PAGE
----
Luke Woodard, Brooklyn
Words & Images by Samantha Hillman
Designer Luke Woodard is the co-founder of Sweatshop, a creative design studio slash cafe. The Sweatshop look is easy to identify considered and industrial; splashes of charcoal upon whitewashed brick. It's an aesthetic that stretches to the apartment that he shares with business partner Ryan De Remer, and illustrator Mete Erdogan.
Who are you?
Where are you from?
Melbourne (Toorak to be specific)
Tell us about what you do.
I’m one half of Sweatshop: a creative design studio and coffee shop in Brooklyn. Basically it was a way we could fuse our love of great design with good coffee (by way of providing ourselves with an endless supply of the stuff). I can make you a decent flat white, and at the same time I can design and build your brand, a bespoke piece of furniture and a full interior fit-out.
I'm definitely more of a morning person and that's what got me into it. There's something invigorating about the smell of it - no other way to start the day. Equally, there's a sense of satisfaction in making that coffee for someone else. I love the interaction in the handover. You get to know people during a vital part of their routine and it's amazing to know that you're a part of their day, everyday.
What's your favorite part of your work?
Definitely the free coffee. And getting to design cool shit all day.
What is the best thing about where you live?
I can get anywhere and everywhere on my bike... albeit if it's February and a blizzard outside it's a little difficult. But seriously you have absolutely fucking everything at your fingertips. I recently moved to Greenpoint, Brooklyn, which is a lovely neighborhood with much quieter streets than the hustle of the island.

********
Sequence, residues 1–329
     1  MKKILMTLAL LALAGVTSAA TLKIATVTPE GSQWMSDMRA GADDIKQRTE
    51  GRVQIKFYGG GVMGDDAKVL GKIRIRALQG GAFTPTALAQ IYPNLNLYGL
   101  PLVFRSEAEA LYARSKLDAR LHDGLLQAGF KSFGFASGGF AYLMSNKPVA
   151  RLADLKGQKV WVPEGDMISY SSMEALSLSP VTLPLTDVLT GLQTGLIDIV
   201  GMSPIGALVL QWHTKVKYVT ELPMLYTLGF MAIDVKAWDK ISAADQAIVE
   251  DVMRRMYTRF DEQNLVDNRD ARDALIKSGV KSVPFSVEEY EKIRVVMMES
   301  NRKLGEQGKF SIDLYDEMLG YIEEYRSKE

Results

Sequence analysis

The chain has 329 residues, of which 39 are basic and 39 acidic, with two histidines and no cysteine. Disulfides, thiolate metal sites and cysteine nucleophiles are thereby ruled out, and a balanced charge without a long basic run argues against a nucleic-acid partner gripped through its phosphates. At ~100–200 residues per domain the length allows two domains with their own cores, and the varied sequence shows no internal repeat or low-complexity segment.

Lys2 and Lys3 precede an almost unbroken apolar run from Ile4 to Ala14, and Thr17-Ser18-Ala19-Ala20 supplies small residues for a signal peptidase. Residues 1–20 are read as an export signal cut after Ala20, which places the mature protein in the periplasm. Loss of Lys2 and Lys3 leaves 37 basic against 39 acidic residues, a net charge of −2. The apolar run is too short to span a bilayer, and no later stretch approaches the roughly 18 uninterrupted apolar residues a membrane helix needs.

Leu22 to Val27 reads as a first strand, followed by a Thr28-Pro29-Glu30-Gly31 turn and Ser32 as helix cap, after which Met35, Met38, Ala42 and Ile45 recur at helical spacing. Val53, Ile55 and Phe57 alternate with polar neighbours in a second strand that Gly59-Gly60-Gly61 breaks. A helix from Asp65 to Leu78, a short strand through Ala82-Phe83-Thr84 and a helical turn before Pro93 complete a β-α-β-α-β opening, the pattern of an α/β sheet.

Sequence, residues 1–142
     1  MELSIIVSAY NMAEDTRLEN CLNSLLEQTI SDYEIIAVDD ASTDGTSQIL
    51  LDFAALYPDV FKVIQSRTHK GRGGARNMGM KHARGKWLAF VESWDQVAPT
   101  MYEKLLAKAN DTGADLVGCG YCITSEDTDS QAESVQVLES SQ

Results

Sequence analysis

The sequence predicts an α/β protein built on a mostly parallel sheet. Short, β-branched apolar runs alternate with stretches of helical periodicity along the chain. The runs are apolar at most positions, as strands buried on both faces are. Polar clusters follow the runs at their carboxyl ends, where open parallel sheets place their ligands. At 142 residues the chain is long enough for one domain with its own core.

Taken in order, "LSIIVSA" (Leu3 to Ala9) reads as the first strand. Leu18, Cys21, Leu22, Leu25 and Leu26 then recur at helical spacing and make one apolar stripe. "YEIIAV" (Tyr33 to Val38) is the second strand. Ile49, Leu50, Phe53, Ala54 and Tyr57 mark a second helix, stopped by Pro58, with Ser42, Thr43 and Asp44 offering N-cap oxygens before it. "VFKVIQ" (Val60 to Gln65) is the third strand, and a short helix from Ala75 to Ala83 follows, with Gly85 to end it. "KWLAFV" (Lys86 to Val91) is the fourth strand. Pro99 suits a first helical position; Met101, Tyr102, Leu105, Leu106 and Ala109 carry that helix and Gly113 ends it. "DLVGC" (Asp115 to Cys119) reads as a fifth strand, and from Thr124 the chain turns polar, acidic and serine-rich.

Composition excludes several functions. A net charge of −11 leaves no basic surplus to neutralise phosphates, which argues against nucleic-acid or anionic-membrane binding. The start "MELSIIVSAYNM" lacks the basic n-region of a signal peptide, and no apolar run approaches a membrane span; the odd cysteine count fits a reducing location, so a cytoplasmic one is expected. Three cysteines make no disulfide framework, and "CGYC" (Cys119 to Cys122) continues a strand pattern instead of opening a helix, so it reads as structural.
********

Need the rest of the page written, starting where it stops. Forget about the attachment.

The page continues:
Describe your ideal Sunday:
In bed. With coffee. Not hungover.
Any morning rituals?
Apart from coffee? Running. I try to get an active start to most days with 5 miles straight out of bed. Then coffee.
Any nighttime rituals?
Decide between about 9 different pillows to rest my head on, and just push the remaining unlucky ones to the side.
What are five things that you couldn't live without?
Riding through Manhattan traffic at night, wearing beanies, eating delicious fried chicken, buying plants and, you guessed it, drinking coffee.
If you could only have your coffee one way forever, which would it be, and why?
Flat white, perfect dose of milk and coffee.
How do you make the switch between work and play?
I don't consider what I do as work, so it's not necessarily something that I have to differentiate between on a daily basis.